Love Your Enemies
Sometimes we learn from the ludicrous. We see a ridiculous movie or hear about something that is so far fetched that it sparks something inside of us. We see a phrase that pushes our cognitive faculties so much that we think that it can’t be possible. The radical sometimes helps us take a look at our lives and see that, perhaps, what we have thought was a certain way for so long is, in fact, the opposite of what we should be doing or thinking. If you have ever been in a situation where you were angry at someone or were hurt by what someone said about you, then loving your enemies may be the solution that you have been looking for.
When we look at our enemies, we almost never associate love with them or even think about being kind to them. However, if we can embrace this difficult concept, and actually follow through with it, we unlock something inside of us that is priceless. The enemies that I am referring to are not the enemies of combat or lawlessness, they are the individuals or self inflicted thoughts that bring us anxiety and stress. These are the enemies that may cause us to derail from what we want to accomplish in our lives or change the way we perceive the goodness in the world. These are the enemies of self doubt, negativity, and self worth that plague every one of us at some point in our lives. How can we even begin to think that we will love the thoughts or individuals that bring these types of feelings into our lives? You see by loving our enemies, we accept them for who they are and we disarm them with positive energy. An enemy that is hated is fueled by that hatred. An enemy that is loved becomes powerless.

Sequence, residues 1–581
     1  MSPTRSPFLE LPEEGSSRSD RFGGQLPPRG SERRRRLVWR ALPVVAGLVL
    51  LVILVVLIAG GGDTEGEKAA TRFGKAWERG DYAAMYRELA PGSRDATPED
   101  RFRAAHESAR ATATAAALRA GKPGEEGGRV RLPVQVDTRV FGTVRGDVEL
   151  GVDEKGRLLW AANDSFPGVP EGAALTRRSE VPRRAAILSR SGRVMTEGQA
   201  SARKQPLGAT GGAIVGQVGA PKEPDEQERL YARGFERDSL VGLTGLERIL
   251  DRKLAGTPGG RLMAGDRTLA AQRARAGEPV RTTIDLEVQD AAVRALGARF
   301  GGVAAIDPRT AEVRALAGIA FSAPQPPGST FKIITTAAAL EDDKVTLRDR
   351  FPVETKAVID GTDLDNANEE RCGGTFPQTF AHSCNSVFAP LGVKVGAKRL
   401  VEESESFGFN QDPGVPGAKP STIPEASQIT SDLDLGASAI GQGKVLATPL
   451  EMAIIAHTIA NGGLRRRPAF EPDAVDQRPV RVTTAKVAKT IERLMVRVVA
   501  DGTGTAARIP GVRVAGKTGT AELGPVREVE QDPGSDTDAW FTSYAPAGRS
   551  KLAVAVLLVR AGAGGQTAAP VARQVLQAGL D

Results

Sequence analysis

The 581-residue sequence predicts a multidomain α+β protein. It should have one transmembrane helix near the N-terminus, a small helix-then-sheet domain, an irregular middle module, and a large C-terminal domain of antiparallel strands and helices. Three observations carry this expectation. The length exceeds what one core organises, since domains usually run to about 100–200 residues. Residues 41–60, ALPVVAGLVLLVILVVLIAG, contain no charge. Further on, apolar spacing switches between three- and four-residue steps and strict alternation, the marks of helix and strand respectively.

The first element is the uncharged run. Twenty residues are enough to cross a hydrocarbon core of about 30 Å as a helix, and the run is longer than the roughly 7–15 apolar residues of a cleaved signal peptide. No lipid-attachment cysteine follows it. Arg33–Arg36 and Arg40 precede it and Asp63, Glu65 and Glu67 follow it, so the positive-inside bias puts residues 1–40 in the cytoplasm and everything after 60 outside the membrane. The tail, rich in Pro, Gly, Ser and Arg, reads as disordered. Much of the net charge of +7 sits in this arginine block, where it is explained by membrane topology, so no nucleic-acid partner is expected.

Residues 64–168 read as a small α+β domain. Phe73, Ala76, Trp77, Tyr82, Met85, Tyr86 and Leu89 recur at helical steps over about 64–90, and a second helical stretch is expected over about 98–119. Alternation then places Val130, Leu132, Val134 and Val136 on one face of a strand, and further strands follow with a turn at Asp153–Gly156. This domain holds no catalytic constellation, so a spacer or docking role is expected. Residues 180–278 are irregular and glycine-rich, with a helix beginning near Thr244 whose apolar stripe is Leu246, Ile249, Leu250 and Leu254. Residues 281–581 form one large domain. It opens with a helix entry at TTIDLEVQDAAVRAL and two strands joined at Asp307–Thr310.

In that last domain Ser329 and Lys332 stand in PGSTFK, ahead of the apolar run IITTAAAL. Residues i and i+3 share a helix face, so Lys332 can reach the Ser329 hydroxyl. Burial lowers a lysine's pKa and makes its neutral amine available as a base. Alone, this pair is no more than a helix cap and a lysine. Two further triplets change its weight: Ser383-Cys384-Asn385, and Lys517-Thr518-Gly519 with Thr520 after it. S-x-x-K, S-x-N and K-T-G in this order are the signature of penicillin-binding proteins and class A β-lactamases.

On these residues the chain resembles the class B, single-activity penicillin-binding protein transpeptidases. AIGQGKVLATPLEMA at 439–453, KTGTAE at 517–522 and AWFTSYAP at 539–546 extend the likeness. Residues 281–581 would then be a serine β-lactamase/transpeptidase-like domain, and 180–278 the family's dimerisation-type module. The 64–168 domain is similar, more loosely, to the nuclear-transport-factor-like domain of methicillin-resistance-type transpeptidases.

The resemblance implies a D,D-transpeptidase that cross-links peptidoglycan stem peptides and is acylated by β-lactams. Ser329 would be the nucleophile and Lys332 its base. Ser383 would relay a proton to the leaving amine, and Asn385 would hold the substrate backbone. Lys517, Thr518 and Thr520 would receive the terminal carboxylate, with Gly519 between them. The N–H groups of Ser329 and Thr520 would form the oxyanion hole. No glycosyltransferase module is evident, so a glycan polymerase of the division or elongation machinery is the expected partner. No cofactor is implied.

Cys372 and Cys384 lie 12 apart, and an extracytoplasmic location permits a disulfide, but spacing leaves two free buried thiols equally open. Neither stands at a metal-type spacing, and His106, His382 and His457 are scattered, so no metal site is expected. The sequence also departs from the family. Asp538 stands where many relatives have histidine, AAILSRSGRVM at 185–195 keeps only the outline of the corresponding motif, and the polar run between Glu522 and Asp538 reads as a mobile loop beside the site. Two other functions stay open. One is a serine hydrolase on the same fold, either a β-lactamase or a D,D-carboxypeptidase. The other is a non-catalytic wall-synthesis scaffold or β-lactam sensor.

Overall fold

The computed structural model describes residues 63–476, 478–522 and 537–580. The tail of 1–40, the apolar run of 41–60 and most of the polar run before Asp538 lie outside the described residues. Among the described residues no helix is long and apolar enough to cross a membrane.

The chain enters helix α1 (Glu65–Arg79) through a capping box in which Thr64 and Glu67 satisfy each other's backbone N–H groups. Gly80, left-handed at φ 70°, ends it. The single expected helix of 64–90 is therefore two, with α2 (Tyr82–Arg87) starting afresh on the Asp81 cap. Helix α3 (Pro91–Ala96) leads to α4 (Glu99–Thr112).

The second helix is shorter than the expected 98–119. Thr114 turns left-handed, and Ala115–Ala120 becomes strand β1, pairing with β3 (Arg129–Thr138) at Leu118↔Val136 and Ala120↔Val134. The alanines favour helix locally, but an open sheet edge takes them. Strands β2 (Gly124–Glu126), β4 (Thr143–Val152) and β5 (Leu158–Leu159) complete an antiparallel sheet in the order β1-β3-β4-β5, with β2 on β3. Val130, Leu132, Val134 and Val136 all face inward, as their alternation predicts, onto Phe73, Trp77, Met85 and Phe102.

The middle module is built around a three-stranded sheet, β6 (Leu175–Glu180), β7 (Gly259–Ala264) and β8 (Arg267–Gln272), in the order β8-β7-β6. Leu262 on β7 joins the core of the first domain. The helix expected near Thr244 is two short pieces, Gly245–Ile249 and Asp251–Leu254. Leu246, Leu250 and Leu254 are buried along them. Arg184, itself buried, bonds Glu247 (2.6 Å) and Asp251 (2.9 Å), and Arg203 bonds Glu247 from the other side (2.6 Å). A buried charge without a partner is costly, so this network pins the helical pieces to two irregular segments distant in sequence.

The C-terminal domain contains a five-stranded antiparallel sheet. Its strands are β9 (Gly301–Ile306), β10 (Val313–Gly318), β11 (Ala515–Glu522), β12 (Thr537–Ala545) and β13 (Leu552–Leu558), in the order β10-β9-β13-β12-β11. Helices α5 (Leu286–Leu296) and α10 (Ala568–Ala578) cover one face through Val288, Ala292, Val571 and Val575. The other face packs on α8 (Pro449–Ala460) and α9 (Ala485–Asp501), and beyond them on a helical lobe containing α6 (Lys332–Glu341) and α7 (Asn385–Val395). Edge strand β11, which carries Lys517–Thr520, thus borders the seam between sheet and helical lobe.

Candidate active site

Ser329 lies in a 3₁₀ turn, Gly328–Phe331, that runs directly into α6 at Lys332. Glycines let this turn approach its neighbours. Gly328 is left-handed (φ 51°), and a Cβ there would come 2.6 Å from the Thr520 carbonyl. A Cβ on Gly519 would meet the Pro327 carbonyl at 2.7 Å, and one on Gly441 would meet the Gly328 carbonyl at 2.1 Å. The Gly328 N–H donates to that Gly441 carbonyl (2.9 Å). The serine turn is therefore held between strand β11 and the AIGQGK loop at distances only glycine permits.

Loving External Enemies
We begin with enemies that we can see or others can see. These enemies can take the form of an oppressive supervisor, individuals that criticize you, acquaintances that put you down, social media comments that are hurtful, an individual that cuts you off in traffic, or even a bad storm. We can see the damage that a natural disaster brings as either a depressing situation that will never get better, or an opportunity to grow and help others. I personally witnessed incredible acts of kindness and compassion in the wake of our most recent natural disaster, Hurricane Michael. Individuals that would never have helped each other did so, with true compassion and love of a neighbor helping another neighbor. That would never have happened without the storm. External enemies can fuel our compassion and kindness towards others; something to cherish and never let go.